Hat tip to The Legal Watchdog  for passing along the latest moves afoot in Florida.


Photo Credits: “grape eating contest,” by denverkid at Flickr Creative Commons Attribution; “peel me a grape,” by Bev Sykes at Flickr Creative Commons Attribution.

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Businessmen uid 1How improbably ironic that just the day after a lawyer fulminates at length in the Los Angeles Times about too many lawyers, too many law schools and too little oversight, See No more room at the bench, the Wall Street Journal runs a news account about Lori Singleton-Clarke, a Maryland nurse, who because she couldn’t afford a lawyer had to face the IRS’s tax lawyers alone.

Happily, she not only survived to tell the tale but Singleton-Clarke beat them like the proverbial drum. See Nurse Outduels IRS to Deduct M.B.A. Tuition – WSJ.com.

Too many lawyers, too many clients but no work?

Writing in the Los Angeles Times on January 8th, Lawyer Mark Greenbaum complains that the American Bar Assn. allows unneeded new law schools to open and refuses to regulate them. Desperate for a solution, he wants the government to step in to save the lawyers from themselves! He believes the government should consider taking steps to stop the flow of attorneys into a saturated marketplace.

There’s something wrong here. Even with a so-called saturated lawyer market, people like Singleton-Clarke still couldn’t get legal representation. Singleton-Clark couldn’t find a lawyer or at least, one she could afford.


Tax problems, consumer fraud, bankruptcies, negligence, crimes, probates, unpaid child-support, divorces, business disputes, or wrongful terminations, the list of legal challenges is ongoing and endless. So every rant, then, about lawyer glut is made in this context of an exponential consumer need for lawyer services. Problem is consumers can’t afford to hire them! So demand falls not because there isn’t need for the “product” but because of sticker-shock.

But how to fix this? Can new lawyers overburdened with massive tuition debt bear the burden of working for free or at best, for wages “affordable” enough for most consumers? How will they be able to pay off their student loans, let alone support themselves and their families?

Businessman begging for help with cardboard signAnd what about ‘old’ lawyers who long ago retired their school debts and business start-up loans? Well, like any businessperson, they still have economic constraints on who they can prudently represent. In his famous book, “How to Start and Build a Law Practice,” Lawyer Jay Foonberg explains the conundrum facing lawyers.

He cautions, “Serving the poor does not require becoming one of them. Do you have the courage to say “no” to someone who desperately needs your brilliance, but has no ability to pay?”

And with foreclosures, debts, joblessness, and other attendant strains on life, the prospects of work are unlimited, especially for lawyers choosing not to charge clients for their services. An avuncular and sagacious salesman I once knew loved telling me, “It’s amazing how much you can sell when you give it away.” So much wisdom in such a confounding statement.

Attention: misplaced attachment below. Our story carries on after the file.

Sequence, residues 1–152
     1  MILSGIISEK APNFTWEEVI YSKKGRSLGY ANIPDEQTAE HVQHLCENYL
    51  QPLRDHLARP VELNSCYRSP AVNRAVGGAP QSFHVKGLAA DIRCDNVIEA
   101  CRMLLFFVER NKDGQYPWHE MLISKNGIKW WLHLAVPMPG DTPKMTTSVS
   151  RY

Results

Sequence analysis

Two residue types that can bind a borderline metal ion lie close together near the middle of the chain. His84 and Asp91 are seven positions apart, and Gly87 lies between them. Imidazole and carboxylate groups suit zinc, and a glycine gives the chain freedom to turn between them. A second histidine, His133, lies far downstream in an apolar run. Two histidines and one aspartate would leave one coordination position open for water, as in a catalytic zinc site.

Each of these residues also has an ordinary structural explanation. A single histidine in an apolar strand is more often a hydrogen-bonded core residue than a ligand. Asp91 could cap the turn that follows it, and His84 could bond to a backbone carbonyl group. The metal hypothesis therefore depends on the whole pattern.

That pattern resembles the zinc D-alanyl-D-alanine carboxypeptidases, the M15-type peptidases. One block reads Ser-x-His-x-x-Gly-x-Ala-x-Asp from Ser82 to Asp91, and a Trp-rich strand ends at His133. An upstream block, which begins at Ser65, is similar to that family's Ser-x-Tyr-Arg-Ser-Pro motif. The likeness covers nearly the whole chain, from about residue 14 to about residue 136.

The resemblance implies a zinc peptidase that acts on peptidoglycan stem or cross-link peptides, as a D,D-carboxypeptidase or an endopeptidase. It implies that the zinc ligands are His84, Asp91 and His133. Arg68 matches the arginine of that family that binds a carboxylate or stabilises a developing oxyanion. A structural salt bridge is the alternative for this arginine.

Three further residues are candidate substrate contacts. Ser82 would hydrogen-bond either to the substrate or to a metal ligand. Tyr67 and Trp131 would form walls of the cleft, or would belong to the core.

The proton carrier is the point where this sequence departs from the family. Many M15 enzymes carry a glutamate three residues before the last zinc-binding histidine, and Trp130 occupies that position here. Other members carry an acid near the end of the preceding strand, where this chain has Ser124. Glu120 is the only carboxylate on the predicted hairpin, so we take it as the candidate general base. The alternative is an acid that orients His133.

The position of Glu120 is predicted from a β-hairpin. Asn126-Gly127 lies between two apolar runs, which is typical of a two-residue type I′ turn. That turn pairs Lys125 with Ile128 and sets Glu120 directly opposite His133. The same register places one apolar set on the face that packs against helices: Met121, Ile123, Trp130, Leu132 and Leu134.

Foonberg reminds lawyers they have “a higher responsibility” to pay their employees and to take care of their families. If you cannot limit your pro bono work, you may become “pro bono” and not be able to help anyone.

“Just say no,” he says. “It’s hard, but in reality, you have no choice.”

Price, demand, supply.

General economic theory determines an equilibrium between price, demand and supply. If there is too much of something and insufficient demand for it, its price goes down. If on the other hand, there’s a high demand for something but it remains scarce, that demand will push its price up.

But what about lawyers? If there’s too much supply but demand appears high, do prices go down or do they stay the same? I’m not an economist even if it is more art than science.

But a host of theories and algebraic formulas exist to explain away the phenomena of price, elasticity and the interrelationships to excess supply.

No formula can adequately explain the current situation of a lawyer glut but consumers doing without, except this. Unlike essentials like food, clothing, and shelter, the vast majority of time, hiring a lawyer is discretionary. It’s not a necessity. So even with the practice of law being a monopoly, some of the economic rules aren’t going to apply if consumers ‘choose’ to do without.

In Greenbaum’s essay, there’s a clear inference, too many law schools producing too many lawyers does not a monopoly make. He’s probably right.

Despite the incongruity of excess supply, law remains a highly elastic service. If the price for legal services remains high or increases, consumers will do without.

Self-represented litigants.

Even though Abe Lincoln may not have said, “He who is his own lawyer, has a fool for a client,” thanks to the high cost of legal services, the number of the supposed foolish, i.e., self-represented litigants, increases and the use of self-help centers proliferates. This is especially true in the midst of one of the worst economic downturns since the Great Depression. See Recession Forces More People with Legal Problems to Represent Themselves in Court and The recession comes to court: More seek out legal aid funds

No fool.

Returning to Singleton-Clarke’s Tax Court win, although she represented herself, she’s certainly no fool. Quite the opposite. The judge in the case, the Hon. Stanley Goldberg, called her “so articulate and so well-prepared.”

Not only was Singleton-Clarke meticulous and smart but, she was tough. The gist of her dispute was over the IRS’s disallowing the tuition deductibility of her $14,787 in expenses for her M.B.A. Even though she felt overwhelmed and intimidated at times, she didn’t let the IRS muscle her.

While she did alright as her own client, the same cannot always be said for others confronted with often overwhelming legal problems. But with the price of legal services remaining high despite a so-called “saturation,” the lawyer’s conundrum will continue.